Trying To Live Off Grid? You Are Gonna Need Septic

Most homeowners looking to avoid using fossil fuels and desiring to reduce their carbon footprint are beginning to turn to off-grid living, especially wastewater management. Such a move is also becoming popular, as it offers homeowners more independence with their wastewater management and other off-grid responsibilities.

Going off-grid offers you the independence you need from the municipal or central sewage system. That means not only will you be in complete control of your wastewater management issues, but you'll also avoid the monthly fees that come with being connected to the central system. But if you're planning to live off-grid, you're going to External link opens in new tab or windowneed septic.

What does going off-grid mean?

In general terms, "External link opens in new tab or windowgoing off-grid" means not relying on one or more public utilities. Homeowners can choose to go off-grid with their energy supply, portable water, food waste management, and wastewater management.

Regarding wastewater management, going off-grid means no longer relying on the central sewage system or disconnecting your wastewater treatment from the city's wastewater treatment and management facility.

In any home, wastewater treatment uses one of two main options - sewer lines or septic systems. The sewer system moves wastewater away from your home to a central treatment plant, while the septic system handles your wastewater treatment on-site.

What is the septic system?

A External link opens in new tab or windowseptic system usually comprises a tank and a drain field. The tank is designed to allow wastewater to settle in three different levels - the scum (made up of grease and oils), liquid, and sludge. When the wastewater settles, the liquid drains into the drain field through perforated pipes into the ground.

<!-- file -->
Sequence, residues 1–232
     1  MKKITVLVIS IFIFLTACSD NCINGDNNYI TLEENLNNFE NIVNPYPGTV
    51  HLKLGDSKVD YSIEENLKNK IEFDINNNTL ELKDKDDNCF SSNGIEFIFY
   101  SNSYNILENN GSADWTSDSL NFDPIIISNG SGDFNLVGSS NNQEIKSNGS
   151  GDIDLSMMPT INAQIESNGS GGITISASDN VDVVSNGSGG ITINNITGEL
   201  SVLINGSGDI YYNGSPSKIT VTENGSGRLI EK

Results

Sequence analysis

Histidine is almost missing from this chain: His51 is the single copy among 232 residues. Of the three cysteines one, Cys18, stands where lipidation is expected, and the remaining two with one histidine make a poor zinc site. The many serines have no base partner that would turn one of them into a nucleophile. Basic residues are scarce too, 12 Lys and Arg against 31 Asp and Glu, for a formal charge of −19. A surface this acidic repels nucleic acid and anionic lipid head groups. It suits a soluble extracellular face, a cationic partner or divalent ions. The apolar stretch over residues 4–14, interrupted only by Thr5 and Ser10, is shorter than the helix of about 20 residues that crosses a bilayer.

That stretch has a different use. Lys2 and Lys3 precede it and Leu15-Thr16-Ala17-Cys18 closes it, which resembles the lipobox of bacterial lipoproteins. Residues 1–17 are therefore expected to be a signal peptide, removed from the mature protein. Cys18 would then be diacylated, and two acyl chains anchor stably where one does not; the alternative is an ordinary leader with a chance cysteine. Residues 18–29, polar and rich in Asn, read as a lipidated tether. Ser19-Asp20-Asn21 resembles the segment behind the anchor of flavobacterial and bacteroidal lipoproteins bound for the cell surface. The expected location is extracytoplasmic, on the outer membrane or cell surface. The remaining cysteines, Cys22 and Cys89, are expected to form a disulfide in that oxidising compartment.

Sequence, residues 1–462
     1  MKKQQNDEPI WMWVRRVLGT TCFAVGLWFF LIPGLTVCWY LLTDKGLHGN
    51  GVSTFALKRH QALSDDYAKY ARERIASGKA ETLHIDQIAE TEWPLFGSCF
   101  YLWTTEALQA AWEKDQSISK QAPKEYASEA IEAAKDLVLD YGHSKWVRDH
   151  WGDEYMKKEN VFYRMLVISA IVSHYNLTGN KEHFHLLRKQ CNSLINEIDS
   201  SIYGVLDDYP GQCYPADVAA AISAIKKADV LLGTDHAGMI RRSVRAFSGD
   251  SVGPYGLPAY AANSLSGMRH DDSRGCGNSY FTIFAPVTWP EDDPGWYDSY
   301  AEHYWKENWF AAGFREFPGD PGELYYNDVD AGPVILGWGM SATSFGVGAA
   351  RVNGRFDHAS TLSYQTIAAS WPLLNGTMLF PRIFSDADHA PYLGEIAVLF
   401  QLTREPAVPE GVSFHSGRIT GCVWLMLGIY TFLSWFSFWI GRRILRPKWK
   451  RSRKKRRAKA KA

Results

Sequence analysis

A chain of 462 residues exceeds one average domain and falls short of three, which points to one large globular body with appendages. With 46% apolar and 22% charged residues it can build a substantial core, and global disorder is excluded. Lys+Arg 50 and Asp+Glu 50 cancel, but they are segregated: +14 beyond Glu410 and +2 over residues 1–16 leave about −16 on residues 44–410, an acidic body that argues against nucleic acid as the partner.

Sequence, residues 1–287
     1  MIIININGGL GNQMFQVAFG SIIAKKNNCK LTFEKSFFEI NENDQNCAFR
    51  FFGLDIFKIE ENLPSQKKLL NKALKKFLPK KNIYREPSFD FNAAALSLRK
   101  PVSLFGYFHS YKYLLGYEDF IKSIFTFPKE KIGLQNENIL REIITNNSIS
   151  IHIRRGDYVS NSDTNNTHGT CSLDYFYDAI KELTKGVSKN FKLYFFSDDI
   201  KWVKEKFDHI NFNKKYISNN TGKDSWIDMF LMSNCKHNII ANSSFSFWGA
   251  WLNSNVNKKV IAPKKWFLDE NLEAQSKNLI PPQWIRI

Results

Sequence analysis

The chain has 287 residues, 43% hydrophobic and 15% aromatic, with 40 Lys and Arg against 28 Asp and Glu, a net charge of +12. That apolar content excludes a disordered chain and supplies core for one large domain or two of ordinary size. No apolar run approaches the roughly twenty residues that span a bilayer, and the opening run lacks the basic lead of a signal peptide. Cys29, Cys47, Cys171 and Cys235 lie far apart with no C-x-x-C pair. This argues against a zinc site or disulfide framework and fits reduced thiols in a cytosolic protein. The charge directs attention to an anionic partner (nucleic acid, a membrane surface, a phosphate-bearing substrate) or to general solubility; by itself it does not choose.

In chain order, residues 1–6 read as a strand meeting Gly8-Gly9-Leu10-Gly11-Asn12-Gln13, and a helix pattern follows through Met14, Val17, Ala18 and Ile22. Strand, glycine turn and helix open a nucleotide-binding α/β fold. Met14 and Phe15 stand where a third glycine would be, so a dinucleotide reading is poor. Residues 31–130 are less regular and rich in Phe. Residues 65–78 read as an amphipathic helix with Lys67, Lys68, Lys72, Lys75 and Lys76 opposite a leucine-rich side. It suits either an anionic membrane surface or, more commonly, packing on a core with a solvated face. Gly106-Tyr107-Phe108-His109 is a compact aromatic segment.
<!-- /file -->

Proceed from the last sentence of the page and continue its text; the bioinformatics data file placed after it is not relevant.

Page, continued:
Regular 'pumping' removes the sludge and scum from the septic tank and keeps the system in top working shape. Living off-grid with a septic tank system is a long-lasting alternative to the sewer system. In addition, maintaining a septic tank isn't too expensive.

Going off-grid with a septic tank

You can disconnect from a sewer system and go completely off-grid, but you're going to need a septic system to treat your wastewater.

As mentioned earlier, the septic system comprises a tank and a drain field. The tank will collect the waste that should've gone into the sewer line. Since it already contains bacteria that break down waste, the treatment process will happen right beneath your property, where the septic system will be installed.

Before you switch to a septic system or go off-grid, there are a few things you need to do.

These include:

  • Conducting a survey of your site, testing your soil, and deciding how best to structure your system.

  • Submit a request or application to your local authorities to construct a septic system and wait for approval before you start anything.

  • Dig the hole your tank needs, and create a route for your pipes linking your home.

  • Excavate the leach field.

  • Connect the pipe to the leach field

  • Allow for inspection, and cover your tank and pipes.

To make things easier, you can seek help from professional septic installation services to avoid costly mistakes.